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Elections and Markets

What will be the impact of this November’s elections on markets? This has been by far the most common question from our clients in the last few months. While the issues are increasingly complex in a globally connected world, the good news is we think the answer to the question is relatively simple. More on that in a moment.

Elections are binary events that are well telegraphed, much hyped, and the outcomes for which have the potential to shape fiscal policy for the next several years. Because of this, there tends to be a natural anxiety about them, especially in presidential election years. What’s interesting is that when you look at the data behind politics and markets there is a fairly clear conclusion to draw. You may assume that conclusion is that Republican-controlled government makes for a better return environment for businesses, and ultimately markets. If you do, you would be incorrect. And the opposite isn’t true either. The clear conclusion I mentioned is that for markets, election results don’t actually matter. Regardless of which political party controls congress or the white house, markets have marched higher. In fact, there is no statistical significance to market return patterns and any combination of political party makeup between congress and the president. This isn’t to say that elections don’t matter – they very much do matter to our everyday lives, just not to long-term investment results.

But how can that be? If the Republican Party has a reputation for being pro-business and the Democratic Party has a reputation for raising taxes to fund spending programs, how can it be that Republican-controlled government does not translate to better returns in markets? We think the most plausible explanation is that a distinction needs to be made between the government policies of a capitalistic society and capitalism itself. In other words, no matter what behavior government policy attempts to dictate, companies adjust and eventually find the most efficient ways to maximize their business. For this reason, while the perception of ‘Republican = good for markets’ and ‘Democrat = bad for markets’ will likely not change, the reality is that neither has a material impact over the long run. This isn’t opinion; it is supported by the data. Consider the following chart showing market movements during different presidential administrations:

Growth of a Dollar Invested in the S&P 500, January 1926-June 2016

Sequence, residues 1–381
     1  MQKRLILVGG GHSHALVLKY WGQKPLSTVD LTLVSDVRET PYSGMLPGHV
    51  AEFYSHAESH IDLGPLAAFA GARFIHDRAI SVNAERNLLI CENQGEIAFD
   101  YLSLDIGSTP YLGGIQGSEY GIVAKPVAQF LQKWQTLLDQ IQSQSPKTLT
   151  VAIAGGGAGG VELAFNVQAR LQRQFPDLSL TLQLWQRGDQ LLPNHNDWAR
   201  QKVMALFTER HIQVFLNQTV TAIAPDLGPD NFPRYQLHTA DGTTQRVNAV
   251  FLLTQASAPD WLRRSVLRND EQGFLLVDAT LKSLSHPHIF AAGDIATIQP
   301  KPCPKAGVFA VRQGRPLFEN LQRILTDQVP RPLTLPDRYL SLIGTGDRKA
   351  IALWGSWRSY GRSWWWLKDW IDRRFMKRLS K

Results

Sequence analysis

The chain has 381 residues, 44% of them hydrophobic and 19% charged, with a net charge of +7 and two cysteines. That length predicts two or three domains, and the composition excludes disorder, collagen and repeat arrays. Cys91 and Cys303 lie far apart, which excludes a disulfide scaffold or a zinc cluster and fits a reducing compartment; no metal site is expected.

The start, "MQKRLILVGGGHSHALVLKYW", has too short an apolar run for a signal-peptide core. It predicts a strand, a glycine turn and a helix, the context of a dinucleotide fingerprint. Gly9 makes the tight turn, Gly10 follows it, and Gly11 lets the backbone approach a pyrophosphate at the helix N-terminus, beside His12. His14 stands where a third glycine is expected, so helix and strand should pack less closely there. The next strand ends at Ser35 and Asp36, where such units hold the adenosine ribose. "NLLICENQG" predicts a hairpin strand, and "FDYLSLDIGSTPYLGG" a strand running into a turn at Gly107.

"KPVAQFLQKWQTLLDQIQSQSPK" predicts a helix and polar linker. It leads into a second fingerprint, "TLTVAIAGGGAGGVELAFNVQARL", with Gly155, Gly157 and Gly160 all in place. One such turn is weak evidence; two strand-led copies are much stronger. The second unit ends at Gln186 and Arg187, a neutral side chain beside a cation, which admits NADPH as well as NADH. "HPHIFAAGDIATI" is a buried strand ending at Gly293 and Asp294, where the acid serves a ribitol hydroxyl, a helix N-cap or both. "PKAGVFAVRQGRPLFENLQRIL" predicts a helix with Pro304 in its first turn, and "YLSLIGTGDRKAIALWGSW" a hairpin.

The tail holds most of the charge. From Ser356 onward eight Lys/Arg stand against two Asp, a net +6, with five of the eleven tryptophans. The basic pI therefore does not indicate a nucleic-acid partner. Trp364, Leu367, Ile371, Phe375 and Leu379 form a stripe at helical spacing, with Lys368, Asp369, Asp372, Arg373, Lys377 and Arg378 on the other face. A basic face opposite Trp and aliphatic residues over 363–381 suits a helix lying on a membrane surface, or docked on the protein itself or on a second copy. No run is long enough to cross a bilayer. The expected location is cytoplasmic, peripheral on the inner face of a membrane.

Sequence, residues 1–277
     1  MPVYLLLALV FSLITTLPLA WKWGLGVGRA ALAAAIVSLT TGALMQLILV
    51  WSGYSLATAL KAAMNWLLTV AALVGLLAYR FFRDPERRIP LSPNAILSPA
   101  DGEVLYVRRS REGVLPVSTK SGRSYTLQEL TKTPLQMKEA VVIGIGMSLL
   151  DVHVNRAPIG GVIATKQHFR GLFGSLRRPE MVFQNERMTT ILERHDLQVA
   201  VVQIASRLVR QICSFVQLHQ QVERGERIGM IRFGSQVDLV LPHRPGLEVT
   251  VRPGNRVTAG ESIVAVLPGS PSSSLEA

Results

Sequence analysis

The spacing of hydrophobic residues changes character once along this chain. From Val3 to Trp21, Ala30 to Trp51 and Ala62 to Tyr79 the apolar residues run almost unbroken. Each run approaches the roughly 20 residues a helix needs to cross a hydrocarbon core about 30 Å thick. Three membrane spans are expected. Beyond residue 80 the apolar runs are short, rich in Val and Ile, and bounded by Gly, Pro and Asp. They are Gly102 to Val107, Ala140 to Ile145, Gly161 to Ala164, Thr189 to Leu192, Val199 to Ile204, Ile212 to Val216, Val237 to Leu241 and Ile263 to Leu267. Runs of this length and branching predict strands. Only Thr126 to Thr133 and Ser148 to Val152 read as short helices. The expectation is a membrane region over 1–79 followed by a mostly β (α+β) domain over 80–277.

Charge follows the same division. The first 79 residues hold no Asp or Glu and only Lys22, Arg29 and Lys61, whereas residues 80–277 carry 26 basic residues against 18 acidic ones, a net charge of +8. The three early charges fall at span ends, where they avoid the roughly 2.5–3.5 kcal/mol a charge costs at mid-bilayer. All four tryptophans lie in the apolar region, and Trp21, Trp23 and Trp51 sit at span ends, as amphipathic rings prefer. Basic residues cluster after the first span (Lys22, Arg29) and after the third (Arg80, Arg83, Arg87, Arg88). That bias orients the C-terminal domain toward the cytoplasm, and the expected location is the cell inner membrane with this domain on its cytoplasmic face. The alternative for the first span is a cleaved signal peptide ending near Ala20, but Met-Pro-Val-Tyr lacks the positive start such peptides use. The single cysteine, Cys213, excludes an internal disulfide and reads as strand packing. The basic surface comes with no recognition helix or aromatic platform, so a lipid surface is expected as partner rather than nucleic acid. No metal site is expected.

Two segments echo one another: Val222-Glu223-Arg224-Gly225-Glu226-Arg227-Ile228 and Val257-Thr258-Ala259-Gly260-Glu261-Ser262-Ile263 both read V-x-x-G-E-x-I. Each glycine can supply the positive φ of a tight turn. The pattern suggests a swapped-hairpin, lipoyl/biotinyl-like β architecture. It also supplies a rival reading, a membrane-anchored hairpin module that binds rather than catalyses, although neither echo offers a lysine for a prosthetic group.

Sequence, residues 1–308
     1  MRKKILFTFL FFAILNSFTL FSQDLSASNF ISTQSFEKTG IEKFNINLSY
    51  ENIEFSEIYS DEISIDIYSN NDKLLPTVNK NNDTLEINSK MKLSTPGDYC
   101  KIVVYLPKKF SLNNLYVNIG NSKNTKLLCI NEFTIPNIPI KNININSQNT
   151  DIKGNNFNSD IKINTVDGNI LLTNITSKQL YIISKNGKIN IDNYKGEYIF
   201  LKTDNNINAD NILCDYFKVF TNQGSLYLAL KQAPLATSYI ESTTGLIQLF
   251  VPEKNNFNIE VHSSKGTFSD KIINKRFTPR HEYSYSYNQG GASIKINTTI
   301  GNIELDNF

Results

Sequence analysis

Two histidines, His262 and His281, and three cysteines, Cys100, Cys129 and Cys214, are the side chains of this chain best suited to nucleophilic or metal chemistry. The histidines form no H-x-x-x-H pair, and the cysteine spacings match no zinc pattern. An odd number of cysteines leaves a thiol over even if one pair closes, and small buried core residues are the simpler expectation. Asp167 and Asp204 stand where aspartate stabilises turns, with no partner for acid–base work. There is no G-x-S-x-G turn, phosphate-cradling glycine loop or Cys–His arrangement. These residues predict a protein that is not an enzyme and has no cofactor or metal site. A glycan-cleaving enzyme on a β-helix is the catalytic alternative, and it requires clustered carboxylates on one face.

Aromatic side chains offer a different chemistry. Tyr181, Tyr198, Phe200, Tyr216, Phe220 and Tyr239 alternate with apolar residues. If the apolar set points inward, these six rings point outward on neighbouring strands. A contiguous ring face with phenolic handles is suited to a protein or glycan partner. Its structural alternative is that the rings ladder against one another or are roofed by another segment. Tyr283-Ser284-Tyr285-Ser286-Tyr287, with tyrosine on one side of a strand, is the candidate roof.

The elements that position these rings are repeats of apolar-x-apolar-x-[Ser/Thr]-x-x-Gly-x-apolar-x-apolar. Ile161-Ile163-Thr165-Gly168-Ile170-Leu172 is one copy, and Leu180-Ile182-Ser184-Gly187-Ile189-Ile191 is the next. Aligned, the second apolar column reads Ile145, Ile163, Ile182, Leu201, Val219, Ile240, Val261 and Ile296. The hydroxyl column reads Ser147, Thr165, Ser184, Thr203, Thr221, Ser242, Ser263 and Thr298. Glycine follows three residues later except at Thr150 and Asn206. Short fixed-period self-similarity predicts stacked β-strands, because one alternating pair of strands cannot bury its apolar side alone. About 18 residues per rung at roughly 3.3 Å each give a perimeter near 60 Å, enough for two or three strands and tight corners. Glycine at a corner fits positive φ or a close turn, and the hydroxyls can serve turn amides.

Image: Growth of a Dollar Invested in the S&P 500, January 1926-June 2016

Source: Dimensional Fund Advisors. Past performance is not a guarantee of future results. Indices are not available for direct investment. The S&P data is provided by Standard & Poor’s Index Services Group.

Part of what people are really asking is more of a short-term question. What are markets going to do if the winner is Clinton vs. Trump? The data shows the answer to that question is just as difficult to predict. Below you see market movements in two time periods, (1) from the day before the election to the day after (in the outlined circles) and (2) from the day before the election to a year later (in the solid circles). Blue represents years when Democrats were elected and red represents years when Republicans were elected.

S&P 500 Returns a Day Later (Outlined Circles) and a Year Later (Solid Circles)

Image: S&P 500 Returns a Day Later and a Year Later

Sources: Yahoo Finance, Standard & Poors, Baker Boyer Bank

Sometimes markets moved nearly 2% from the day before to the day after, but more often it was 0% to 1% to the positive or negative. A year following elections markets moved to a much larger degree, both positive and negative, but neither with any statistical conclusion.

Here’s the most important thing we need to remember about markets. They respond to uncertainty. When there is increased uncertainty and the news is generally more negative, markets tend to suffer, at least in the short run. When the news is generally more positive, markets tend to rise. To the extent market participants expect a certain election result and that result materializes, the election ends up being less impactful to markets. In this election, based on all polling and betting organizations thus far, expectations are that Clinton will prevail. If that result materializes, we can reasonably expect it has already been priced-in to the markets and any disruption that does occur will be short-lived.

So what do we do about investment portfolios knowing what we know about elections and markets? If we could make accurate investment predictions given upcoming events like elections, we would do it, but markets prove time and again it is not sustainable to do so. Instead, the investment plans we create for clients have much more to do with unique circumstances like their income streams, spending habits, financial wishes and legacy plans. We help clients to make one decision – how much should we put into growth investments vs. stable investments? Then we manage the risks accordingly. And we do it this way because the research on the topic of market timing combined with our own extensive experience overwhelmingly proves that this approach gives clients the best odds for a successful long-term investment experience. And that success for our clients, quite simply, is the driving force behind every decision we make as an investment team.

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TJ Middlesworth